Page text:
Born about 1979, then, this political science professor is now 34, and infinitely superior to stupid Republicans like his parents, thanks to that great Road to Damascus insight when he was 19. This is how to become an academic, see? During your sophomore year of college, you realize that you love your professors and hate your parents, and decide to pursue a Ph.D. so that you can spend the rest of your life teaching future generations to hate their parents, too.

My parents were Democrats, but my turning against the Democratic Party wasn’t undertaken as a youthful rebellion. My “youthful rebellion” phase involved drugs, long hair and loud music – the normal American adolescent stuff — and it wasn’t until I was a 35-year-old married taxpaying father of three that I realized the Democratic Party was actively pursuing the destruction of everything good and decent in the world.

Weird, isn’t it? I was a long-haired 19-year-old freak tripping out on psilocybin about the time “Ed” was born, and I was covering the impeachment of Bill Clinton just about the time 19-year-old “Ed” decided he hated his Republican parents.

Too bad his parents didn’t abort him, huh?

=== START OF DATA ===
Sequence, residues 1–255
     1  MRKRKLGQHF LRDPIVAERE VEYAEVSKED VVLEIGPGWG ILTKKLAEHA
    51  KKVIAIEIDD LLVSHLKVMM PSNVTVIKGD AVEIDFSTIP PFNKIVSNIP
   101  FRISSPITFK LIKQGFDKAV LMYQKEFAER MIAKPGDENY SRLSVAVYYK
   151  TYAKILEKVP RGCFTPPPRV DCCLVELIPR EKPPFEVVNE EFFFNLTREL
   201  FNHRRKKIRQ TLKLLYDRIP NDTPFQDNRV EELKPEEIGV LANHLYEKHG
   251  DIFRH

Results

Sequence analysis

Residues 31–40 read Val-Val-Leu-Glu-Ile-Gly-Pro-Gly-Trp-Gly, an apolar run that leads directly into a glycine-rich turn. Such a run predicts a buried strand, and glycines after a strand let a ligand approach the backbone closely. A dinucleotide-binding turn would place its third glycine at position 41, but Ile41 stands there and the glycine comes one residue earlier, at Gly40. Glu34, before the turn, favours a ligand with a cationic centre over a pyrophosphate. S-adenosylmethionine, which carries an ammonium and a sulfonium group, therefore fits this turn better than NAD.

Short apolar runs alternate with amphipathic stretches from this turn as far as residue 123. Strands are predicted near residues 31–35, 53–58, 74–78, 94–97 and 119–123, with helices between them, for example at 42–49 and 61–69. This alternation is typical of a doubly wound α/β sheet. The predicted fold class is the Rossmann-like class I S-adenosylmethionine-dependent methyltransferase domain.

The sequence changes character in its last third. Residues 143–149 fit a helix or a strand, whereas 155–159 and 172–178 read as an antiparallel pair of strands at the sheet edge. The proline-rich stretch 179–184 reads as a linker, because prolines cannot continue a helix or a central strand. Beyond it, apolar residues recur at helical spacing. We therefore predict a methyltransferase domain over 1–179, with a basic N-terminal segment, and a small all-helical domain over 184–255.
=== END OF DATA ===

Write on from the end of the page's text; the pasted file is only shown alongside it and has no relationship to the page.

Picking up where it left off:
Bookmark and Share

Comments

  • http://opinion.ak4mc.us/ McGehee

    “Then one day in 1998 something snapped…”

    Obviously.

  • Mike F.

    When I read about such stories, where everything perfectly fits ones preconceptions of the other, I answer BS, you’re a liar. Until you offer concrete proof I don’t believe your parents are Republicans, I don’t believe you were ever conservative, I don’t believe you were at that rally, I believe nothing you’ve written.

  • Finrod Felagund

    I realized I was smarter than my teachers when I beat my second-grade teacher at tic-tac-toe.

  • Chris

    This is hilarious! Thanks!

  • willpeir

    I’m more Conservative than my parents. More religious too. Oh, noes! Maybe soullessly pursuing money doesn’t define the Conservative movement. Maybe, just maybe, it’s about respecting other people to make their own choices and not force-caring them into your fascist, idiotic worldview.

  • Finrod Felagund

    As it turns out, I disagree with my parents on many things, but politics isn’t one of them.

  • Quartermaster

    “Likely explanation: She was home-schooled.”

    Unlikely explanation: she got it from her old man.

    The real question is why an other wise intelligent girl would go into teaching school if the job is so sorry. Maybe she got something from you, besides half her DNA?

  • http://deadcitizensrightssociety.wordpress.com/ rmnixondeceased

    As humor, this is fairly funny. As fantasy, this is above average. As a real life, “No-Shit, there I was” account, it’s pure crap, formulated as a panacea for aching liberals attempting to fill that empty spot formerly occupied by a soul.

  • http://thecampofthesaints.org Bob Belvedere

    One hopes that Little Eddie grows-up in time for his parents to see him mature.

  • http://thecampofthesaints.org Bob Belvedere

    All the credit goes to Mrs. Other McCain [and I'm sure Stacy would second this - he'd better].

  • http://thecampofthesaints.org Bob Belvedere

    Damn well put.

  • http://evilbloggerlady.blogspot.com/ Evi L. Bloggerlady